Having free rein to choose whatever course of action you want.
From the French, meaning 'white (or blank) paper' - the military term for surrender. The term was previously 'charte blanche'.
It is first recorded by Raby in 1707 (reprinted in the Hearne Collection, 1886):
"Who sent Chart Blanch to make a Peace."
Soon after that we have a citation that gives a clearer understanding of the meaning - from Joseph Addison in The Spectator, 1712:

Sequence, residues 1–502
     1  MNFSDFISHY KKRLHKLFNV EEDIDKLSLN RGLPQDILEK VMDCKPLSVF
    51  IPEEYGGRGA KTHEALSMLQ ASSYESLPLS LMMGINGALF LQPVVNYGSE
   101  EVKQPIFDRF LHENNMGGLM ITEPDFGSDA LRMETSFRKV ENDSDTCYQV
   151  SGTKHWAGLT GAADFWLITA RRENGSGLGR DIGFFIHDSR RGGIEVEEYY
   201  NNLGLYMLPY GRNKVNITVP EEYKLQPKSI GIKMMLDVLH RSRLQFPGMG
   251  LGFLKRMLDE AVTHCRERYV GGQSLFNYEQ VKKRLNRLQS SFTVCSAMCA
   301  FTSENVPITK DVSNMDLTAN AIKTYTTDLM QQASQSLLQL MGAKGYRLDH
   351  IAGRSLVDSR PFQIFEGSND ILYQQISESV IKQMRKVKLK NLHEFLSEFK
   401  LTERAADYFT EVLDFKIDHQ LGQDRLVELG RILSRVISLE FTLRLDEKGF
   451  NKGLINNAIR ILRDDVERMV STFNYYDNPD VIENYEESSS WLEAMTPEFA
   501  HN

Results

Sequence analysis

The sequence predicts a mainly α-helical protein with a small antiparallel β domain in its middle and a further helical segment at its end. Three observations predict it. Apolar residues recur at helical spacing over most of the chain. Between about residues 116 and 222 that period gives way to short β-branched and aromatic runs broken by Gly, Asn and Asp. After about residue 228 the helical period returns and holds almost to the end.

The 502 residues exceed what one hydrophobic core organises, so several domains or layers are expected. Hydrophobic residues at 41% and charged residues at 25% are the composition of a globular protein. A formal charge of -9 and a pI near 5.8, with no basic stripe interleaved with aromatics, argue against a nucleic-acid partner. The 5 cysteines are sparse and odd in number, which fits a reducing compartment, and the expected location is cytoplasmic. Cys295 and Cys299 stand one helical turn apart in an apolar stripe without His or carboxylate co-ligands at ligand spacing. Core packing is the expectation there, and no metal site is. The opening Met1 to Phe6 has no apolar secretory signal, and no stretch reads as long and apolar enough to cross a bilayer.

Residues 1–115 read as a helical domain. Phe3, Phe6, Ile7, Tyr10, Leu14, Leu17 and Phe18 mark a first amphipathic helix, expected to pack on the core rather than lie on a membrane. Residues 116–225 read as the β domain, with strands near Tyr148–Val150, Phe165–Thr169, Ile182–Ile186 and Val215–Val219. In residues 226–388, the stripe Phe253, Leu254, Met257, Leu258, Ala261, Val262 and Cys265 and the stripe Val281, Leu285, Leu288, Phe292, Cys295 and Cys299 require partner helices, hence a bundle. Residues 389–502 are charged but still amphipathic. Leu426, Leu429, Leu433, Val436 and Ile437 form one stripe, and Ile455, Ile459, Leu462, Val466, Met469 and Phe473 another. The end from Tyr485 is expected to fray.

"I threw her a Charte Blanche, as our News Papers call it, desiring her to write upon it her own Terms."
The term carte blanche has also been adopted in the sphere of the Gothic/romantic novel, where it has a specific meaning, that of an offer by a man to a woman to become his mistress. This meaning presumably relies on the notion that the woman would have the option of spending freely at the man's expense.
See also - other French phrases in English.